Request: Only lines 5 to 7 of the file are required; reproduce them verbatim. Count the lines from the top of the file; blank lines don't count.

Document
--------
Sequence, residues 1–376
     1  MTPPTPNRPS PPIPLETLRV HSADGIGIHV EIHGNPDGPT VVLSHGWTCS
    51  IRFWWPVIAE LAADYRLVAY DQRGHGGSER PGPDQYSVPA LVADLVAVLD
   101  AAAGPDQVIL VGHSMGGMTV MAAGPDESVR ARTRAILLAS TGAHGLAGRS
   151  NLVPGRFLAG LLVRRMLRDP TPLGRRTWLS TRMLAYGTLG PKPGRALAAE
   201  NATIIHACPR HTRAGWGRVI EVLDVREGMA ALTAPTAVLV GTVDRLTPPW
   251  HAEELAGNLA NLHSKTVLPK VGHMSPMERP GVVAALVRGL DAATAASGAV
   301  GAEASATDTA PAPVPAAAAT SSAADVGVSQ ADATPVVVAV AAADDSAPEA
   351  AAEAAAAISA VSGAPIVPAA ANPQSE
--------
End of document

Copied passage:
   151  NLVPGRFLAG LLVRRMLRDP TPLGRRTWLS TRMLAYGTLG PKPGRALAAE
   201  NATIIHACPR HTRAGWGRVI EVLDVREGMA ALTAPTAVLV GTVDRLTPPW
   251  HAEELAGNLA NLHSKTVLPK VGHMSPMERP GVVAALVRGL DAATAASGAV